Story By: Ana Marjanovic, Sub-Editor: Joseph Golder, Agency: Central European News
These are the shocking conditions inside a migrant camp in Bosnia as the winter freeze sets in and officials now fear that people will start dying unless it is closed down.
The images – which include some people seen walking in flip flops amid the icy temperatures – were taken at the Vucjak camp in Bosnia and Herzegovina as European human rights officials are demanding the immediate closure of the camp.
Photos show migrants wrapped in blankets and standing in flimsy sandals in the snow.
The Council of Europe Commissioner for Human Rights Dunja Mijatovic arrived in Bosnia and Herzegovina and visited the makeshift migrant camp, saying: “If this camp is not closed today, tomorrow people will start dying. Whose responsibility will be then is the question I ask everyone?”
She then added: “This is not a place for human beings.”
Mud and rubbish are reportedly everywhere in the camp and there is no running water.
Due to these conditions, migrants blocked the entrance to the camp several times today and refused food from the Red Cross in protest.
Dunja Mijatovic, who is Bosnian, stated: “I am really ashamed that something like this exists in my country.”
Selam Midzic representative of the Red Cross stated: “This is the first rebellion of migrants against the conditions they currently live in. “
Some tents have collapsed under the weight of wet snow as migrants tried to clear those still standing.
One of the migrants, who was not named, told reporters: “I’m not cold because I’m an animal, I’m not human. It’s all here as a place for animals like we’re all animals,”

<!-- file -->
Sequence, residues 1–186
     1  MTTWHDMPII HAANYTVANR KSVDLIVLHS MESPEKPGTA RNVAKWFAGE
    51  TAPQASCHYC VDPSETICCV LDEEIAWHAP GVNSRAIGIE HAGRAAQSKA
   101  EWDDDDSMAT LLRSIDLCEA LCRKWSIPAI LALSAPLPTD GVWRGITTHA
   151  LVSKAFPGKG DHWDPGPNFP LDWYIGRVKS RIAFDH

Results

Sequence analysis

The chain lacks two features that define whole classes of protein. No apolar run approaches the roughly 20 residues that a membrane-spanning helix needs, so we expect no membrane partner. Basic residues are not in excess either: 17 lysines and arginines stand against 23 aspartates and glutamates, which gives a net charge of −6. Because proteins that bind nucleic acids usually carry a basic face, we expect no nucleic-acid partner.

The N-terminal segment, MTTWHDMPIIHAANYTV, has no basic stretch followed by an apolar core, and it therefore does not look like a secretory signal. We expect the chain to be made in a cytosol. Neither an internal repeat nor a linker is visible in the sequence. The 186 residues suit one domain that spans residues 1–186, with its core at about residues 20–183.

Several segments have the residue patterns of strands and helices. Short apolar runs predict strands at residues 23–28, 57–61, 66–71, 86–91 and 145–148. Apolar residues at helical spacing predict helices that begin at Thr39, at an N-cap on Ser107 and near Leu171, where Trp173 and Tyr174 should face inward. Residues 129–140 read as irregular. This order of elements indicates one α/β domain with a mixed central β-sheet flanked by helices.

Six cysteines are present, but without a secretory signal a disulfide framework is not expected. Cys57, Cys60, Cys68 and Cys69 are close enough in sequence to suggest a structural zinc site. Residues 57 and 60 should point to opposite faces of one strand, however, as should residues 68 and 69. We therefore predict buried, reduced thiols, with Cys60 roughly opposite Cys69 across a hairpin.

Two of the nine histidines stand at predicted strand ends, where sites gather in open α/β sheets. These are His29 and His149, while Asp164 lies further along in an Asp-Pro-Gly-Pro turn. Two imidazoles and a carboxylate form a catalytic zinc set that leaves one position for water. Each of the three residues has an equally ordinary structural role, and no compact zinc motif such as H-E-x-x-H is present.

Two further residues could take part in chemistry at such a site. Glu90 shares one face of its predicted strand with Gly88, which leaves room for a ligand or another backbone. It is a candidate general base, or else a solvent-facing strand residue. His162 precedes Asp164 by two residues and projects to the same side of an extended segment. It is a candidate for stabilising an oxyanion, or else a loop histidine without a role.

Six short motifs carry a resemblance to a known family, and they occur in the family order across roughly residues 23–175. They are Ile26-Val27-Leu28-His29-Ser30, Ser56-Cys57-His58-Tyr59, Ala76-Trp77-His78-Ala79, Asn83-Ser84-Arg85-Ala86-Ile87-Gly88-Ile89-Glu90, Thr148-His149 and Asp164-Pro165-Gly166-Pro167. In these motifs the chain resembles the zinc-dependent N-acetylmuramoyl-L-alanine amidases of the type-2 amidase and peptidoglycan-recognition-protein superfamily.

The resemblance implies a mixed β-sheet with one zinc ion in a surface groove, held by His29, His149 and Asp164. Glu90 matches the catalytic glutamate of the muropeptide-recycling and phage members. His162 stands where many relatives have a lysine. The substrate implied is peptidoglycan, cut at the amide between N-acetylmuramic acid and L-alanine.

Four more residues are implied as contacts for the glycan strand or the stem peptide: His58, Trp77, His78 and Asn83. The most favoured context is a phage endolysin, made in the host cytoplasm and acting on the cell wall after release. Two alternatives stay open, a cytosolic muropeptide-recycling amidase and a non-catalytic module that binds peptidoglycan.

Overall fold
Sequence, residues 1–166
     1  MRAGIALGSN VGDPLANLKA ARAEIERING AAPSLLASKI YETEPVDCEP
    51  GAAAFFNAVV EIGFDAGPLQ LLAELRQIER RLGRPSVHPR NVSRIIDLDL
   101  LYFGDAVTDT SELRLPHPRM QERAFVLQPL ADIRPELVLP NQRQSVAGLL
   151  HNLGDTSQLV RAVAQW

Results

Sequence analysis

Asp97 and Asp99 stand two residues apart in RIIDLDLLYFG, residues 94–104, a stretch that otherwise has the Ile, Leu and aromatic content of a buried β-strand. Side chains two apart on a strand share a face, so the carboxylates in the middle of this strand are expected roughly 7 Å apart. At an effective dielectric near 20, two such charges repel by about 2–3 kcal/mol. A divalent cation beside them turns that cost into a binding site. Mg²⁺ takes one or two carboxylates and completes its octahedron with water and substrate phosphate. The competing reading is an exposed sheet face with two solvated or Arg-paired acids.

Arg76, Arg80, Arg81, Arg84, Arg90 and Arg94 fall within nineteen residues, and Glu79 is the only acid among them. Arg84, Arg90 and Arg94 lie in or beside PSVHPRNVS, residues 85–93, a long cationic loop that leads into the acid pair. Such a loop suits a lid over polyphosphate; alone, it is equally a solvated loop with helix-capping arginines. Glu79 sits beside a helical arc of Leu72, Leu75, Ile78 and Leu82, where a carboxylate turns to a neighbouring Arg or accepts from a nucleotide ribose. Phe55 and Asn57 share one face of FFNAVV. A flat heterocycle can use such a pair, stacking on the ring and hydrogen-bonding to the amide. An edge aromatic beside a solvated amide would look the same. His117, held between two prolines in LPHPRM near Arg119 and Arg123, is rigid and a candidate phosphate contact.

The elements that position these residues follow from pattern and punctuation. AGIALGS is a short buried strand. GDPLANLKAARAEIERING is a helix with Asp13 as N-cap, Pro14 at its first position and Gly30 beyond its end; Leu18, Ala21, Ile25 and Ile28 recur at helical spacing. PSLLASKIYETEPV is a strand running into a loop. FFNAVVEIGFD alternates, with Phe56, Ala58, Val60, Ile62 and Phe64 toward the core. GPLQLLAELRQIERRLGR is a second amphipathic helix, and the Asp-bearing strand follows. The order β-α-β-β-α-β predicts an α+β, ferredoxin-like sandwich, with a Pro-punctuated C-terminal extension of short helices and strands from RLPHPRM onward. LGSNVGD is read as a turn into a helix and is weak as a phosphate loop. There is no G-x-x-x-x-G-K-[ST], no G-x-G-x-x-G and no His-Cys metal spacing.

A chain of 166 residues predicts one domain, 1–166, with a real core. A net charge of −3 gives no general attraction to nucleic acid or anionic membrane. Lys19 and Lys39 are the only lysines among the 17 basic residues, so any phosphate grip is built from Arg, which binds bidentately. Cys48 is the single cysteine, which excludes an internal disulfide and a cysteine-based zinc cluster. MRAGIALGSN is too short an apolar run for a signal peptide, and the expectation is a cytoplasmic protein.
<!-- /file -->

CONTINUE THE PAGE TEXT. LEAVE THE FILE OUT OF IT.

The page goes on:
The Red Cross told local media that they had prepared 600 meals yesterday, as they did the day before, but that there are far fewer migrants now. A large number of them headed to the border during the night or returned to the centre of Bihac seeking better accommodation, according to reports.
International aid organisations have repeatedly warned about the conditions in the camp mainly because it is unfit for migrants and it is located on a former landfill site close to a minefield from the 1992-95 war in Bosnia and Herzegovina.
Bosnian authorities have struggled to accommodate thousands of people fleeing war and poverty in the Middle East, Africa and Asia.
Government officials have said that a new facility for migrants near Sarajevo will not be ready for another 20 days.
Migrants often go into Bosnia from neighbouring Serbia or Montenegro. Most of them have gone to the northwestern corner of the Balkan country which borders European Union member state Croatia, in hopes to cross the Croatian border and move on toward Western Europe.
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